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Seaside Promenade History: Beginnings of an Oregon Coast Icon, Part I

Published 01/04/2018 at 4:45 AM PDT
By Oregon Coast Beach Connection staff

Seaside Promenade History: Beginnings of an Oregon Coast Icon, Part I

(Seaside, Oregon) – Does the Seaside Promenade begin at the northern end of town, at 12th Ave? Or does it start in the southern end, at Avenue U? (Above: the old wooden walkway at Seaside).

All that's a matter of perspective, of course. One thing is for sure: the Promenade at Seaside actually began in the 1920s. Or did it? Before that, the Oregon coast icon was a wooden boardwalk. Even earlier still, the seed of the Promenade was planted all the way back when Lewis and Clark visited here.

In some ways it's a Dr. Who-like timey-wimey sort of thing. That latter story will show up in Part II of this exploration of the Seaside Promenade's history. Here is Part I:

Indeed, what is often simply called The Prom is not only a prime attraction on the north Oregon coast but a literal walk through time with its architectural finds along its pleasantly scenic length.

The Seaside Promenade had its concrete beginnings – if you'll excuse the pun – in something made of wood. Tourism in this town goes back to about the 1890's, when trains were really the only mode of transport out here. There were no hotels at first. In fact, the majority of travel lodgings up and down the entire Oregon coastline were tents for the first few decades – really until the '40s. In Seaside, this was also true.


Hotel Moore and the Pacific Pier, around 1904. Note the length of the beach.

A little ahead of its time, the town got what appears to be its first hotel around 1900, called the Moore Hotel. Side note: this later became the grand Seasider Inn and the Hotel Seaside in later decades, then was torn down in the '80s to make way for the Shilo Inn Suites Hotel.

In 1904, they built a pier stretching from the Moore Hotel straight out into the sea, called the Pacific Pier. In 1908 came the precursor to The Prom: a walkway of wooden planks and railing known as the boardwalk. This construct stretched 8,010 feet down the length of the shoreline.

The wooden walkway and pier took off quickly, and a host of touristy businesses sprang up along its length and down Broadway.

The Pacific Pier, however, didn't fare so well. Having some structure jut out into the Pacific Ocean from any place on the Oregon coast is not a good idea. The pier was battered badly every winter by the storms this region is known for. It did not last long. By 1914 the people of Seaside had simply given up on its upkeep after each stormy season and let it disintegrate into the raging tides.

The pier gets roughed up by heavy seas, circa 1908.

By 1914, a precursor to the famed Turnaround was created, loosely called a “roundabout.” That year also saw the creation of a building called the Turn Around Building, part of which housed the Seaside Natatorium. This was an indoor hot salt water bath with quite a few luxuries and distractions for the time, including live music. These natatoriums were all the rage along the Oregon coast back then. Newport and Cannon Beach had one at the time. A burgeoning resort on Tillamook Bay called Bayocean had one as well.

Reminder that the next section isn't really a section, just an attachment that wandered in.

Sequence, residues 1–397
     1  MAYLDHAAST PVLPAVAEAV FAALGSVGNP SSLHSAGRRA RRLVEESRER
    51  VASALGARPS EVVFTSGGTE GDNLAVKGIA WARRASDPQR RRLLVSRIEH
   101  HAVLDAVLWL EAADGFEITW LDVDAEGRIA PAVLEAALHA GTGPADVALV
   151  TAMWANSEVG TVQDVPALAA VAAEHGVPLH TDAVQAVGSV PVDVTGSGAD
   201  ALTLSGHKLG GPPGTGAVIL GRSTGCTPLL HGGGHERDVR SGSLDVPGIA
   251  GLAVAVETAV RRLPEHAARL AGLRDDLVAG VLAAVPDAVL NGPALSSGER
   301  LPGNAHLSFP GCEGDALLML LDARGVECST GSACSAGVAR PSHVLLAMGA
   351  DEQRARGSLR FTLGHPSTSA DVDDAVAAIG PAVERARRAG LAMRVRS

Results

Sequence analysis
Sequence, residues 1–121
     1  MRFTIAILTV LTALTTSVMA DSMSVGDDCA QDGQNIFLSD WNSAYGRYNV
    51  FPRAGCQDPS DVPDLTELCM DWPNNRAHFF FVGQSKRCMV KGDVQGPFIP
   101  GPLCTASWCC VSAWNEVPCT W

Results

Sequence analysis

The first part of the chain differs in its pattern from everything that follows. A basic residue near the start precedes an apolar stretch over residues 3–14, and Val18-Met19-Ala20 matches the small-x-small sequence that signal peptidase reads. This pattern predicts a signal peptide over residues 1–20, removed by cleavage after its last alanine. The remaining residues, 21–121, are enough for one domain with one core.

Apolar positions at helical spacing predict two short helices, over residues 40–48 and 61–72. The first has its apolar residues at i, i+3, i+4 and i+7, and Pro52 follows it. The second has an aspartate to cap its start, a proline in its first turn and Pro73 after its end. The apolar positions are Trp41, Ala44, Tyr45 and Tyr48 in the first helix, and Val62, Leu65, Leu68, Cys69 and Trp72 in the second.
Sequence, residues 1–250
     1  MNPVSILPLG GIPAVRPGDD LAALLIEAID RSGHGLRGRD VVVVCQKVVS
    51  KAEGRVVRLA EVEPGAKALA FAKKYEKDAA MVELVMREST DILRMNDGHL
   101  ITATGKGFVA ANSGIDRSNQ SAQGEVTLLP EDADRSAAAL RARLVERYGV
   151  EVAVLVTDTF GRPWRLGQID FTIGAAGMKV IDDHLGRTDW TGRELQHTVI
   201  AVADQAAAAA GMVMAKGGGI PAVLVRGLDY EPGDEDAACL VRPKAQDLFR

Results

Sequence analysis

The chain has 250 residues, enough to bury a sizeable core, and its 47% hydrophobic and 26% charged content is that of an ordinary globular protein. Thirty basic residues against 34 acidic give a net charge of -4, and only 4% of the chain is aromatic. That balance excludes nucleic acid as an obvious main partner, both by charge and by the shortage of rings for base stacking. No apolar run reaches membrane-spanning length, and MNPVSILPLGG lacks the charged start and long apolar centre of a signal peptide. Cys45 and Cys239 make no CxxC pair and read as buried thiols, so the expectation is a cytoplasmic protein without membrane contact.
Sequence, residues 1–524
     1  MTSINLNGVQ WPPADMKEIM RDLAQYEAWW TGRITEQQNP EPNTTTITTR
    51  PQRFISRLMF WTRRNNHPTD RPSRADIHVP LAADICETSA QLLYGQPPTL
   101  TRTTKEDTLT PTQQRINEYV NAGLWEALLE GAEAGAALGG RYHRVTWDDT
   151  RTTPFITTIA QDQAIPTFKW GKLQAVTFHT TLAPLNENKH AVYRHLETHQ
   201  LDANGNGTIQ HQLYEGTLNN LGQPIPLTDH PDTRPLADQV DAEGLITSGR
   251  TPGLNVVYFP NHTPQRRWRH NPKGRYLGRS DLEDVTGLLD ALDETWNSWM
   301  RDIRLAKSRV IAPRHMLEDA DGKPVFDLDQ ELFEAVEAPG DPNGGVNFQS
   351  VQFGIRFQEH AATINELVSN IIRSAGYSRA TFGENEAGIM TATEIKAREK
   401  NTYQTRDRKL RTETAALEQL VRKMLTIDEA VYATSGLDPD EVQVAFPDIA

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That bygone playground is a ghost of a ghost town: Bayocean failed before the start of the '20s and all remnants of it have been gone since the '70s.

Back in the days of Seaside's wooden walkway, the surf was not much more than 100 feet away. Look at old photographs of Seaside and you'll see it was a sloped beach – more like Gleneden Beach today. There wasn't nearly as much sand, and it only stretched a ways before ending in a rocky section that dipped off into the ocean.

These days, there is about 800 feet of flat sand, interrupted by the occasional foredune. That change happened quite abruptly.

The Seaside Promenade in its current state and its history are both tied to these changes. It was construction of the jetties at the mouth of the Columbia River that altered things so drastically. The south jetty began construction in 1895, and the northern jetty almost 20 years later. When both were finished around 1917, they greatly changed the movement of sand in the region, causing 2,000 feet of extra beach to be created in what is now Fort Stevens State Park, and more than 1,000 feet of sand to build up around Seaside and Gearhart.


Seaside's beach length in modern times: approximately 800 feet of sand to the tideline.

Weird North Oregon Coast Fact: Seaside would look just like Gearhart – all covered in massive dunes and beachgrass – if it weren't for purposeful intervention. Seaside, unlike Gearhart, tames its beach with giant construction equipment. The city of Seaside scours out a few tons of sand every year, preventing sand from blocking the access steps and keeping its surfline safer by allow a myriad of eyes on it from the oceanfront hotels.

All of that sandy expanse you now see built up quickly after the beginning of the jetties, apparently by the mid-20s.

Where to stay in this area - Where to eat - Seaside Maps and Virtual Tours Part Two of this historical exploration of Seaside is here.

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